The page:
We are wealthier than during the boom, says Central Bank

Central Bank data shows net worth of State households hit record figure of €757bn

Irish households in the 35-44 age bracket remain highly indebted since the crash.

Irish households in the 35-44 age bracket remain highly indebted since the crash.


Irish households are, on paper at least, more than 75 per cent wealthier than they were at the low point of recession.

According to Central Bank’s latest quarterly financial accounts, the net worth of Irish households hit a record €757 billion in the second quarter of this year, eclipsing the boomtime pre-crash peak of €719 billion reached in the second quarter of 2007.

The figure, which is driven almost entirely by rising property values, was 76 per cent higher than the €430 billion recorded in the second quarter of 2012 when the State was mired in recession.

Household net worth is calculated by adding the total value of the housing stock and financial assets – such as cash savings, shares, pensions and possessions such as cars and antiques – and subtracting debt owed or liabilities.

However, it is considered a rather crude measure of prosperity as it hides the distribution of household assets and liabilities across income groups and age categories.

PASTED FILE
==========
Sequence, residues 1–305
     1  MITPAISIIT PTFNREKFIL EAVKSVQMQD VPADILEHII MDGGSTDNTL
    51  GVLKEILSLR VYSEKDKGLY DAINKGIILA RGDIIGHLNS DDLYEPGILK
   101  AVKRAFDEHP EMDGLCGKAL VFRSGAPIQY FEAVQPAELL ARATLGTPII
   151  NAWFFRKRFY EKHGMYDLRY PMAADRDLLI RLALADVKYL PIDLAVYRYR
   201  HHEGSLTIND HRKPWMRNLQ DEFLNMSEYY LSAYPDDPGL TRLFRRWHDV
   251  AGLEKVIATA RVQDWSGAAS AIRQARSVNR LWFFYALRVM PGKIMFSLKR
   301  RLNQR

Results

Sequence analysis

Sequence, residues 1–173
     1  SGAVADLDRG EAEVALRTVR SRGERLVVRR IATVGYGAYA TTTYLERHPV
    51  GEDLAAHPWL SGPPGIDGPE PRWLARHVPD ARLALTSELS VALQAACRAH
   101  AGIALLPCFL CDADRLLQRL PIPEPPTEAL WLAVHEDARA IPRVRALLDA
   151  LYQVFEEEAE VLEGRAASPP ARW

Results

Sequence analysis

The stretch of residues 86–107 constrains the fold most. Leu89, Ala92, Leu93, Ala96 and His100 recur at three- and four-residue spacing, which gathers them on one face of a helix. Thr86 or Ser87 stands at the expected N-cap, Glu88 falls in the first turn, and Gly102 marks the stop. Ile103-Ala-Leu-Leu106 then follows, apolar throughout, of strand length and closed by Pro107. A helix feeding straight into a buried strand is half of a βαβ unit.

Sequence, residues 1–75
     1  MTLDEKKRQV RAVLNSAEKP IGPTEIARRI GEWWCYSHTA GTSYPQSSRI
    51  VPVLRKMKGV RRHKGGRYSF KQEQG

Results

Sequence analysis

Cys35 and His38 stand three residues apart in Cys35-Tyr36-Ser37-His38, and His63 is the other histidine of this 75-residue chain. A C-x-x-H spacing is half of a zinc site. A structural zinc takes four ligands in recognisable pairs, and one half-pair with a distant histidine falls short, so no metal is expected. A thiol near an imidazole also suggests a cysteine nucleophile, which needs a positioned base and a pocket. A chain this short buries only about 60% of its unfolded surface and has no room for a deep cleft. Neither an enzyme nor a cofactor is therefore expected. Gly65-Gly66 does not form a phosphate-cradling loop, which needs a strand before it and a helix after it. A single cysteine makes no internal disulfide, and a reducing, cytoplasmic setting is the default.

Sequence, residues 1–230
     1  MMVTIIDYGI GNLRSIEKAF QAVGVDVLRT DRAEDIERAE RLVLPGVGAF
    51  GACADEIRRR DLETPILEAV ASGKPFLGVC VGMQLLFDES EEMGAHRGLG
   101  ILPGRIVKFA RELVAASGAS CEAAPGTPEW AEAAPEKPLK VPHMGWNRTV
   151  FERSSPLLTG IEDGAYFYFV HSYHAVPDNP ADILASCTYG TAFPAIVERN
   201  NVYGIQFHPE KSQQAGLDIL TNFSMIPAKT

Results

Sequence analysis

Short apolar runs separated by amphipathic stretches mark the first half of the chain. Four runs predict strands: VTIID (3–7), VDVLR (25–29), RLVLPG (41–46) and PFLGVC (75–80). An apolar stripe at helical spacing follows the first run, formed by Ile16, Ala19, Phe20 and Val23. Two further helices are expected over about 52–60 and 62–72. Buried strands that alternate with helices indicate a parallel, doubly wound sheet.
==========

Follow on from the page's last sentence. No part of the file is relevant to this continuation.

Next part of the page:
Irish households in the 35-44 age bracket remain highly indebted since the crash, whereas younger generations have lower debt levels relative to the rest of the euro zone.

Highly indebted

The Central Bank figures indicate that while debt levels here have fallen since the low point of the crash, Irish households remain highly indebted by European standards.

Overall, Irish households owed just more than €138 billion, which equates to €28,423 per person, the lowest level since 2005. As a proportion of disposable income, household debt was 128 per cent, which was the lowest level recorded since 2004 but still the fourth highest in the European Union. Since its peak of €204 billion in the third quarter of 2008, household debt has decreased by 32 per cent or €66 billion.

Mark Cassidy, director of economics and statistics at the Central Bank, said: “Today’s figures continue a well-established trend, with household net worth reaching another new peak to stand at €757 billion in June 2018, largely driven by the increased value of households’ housing assets.”

“This new record in household net worth represents an increase of over 75 per cent since the lowest level recorded in June 2012.”

“While household debt has decreased in the quarter, Irish households remain the fourth most indebted in the EU. Such high levels of debt increase our vulnerability to economic shocks at a time when both domestic and external risks persist,” he said.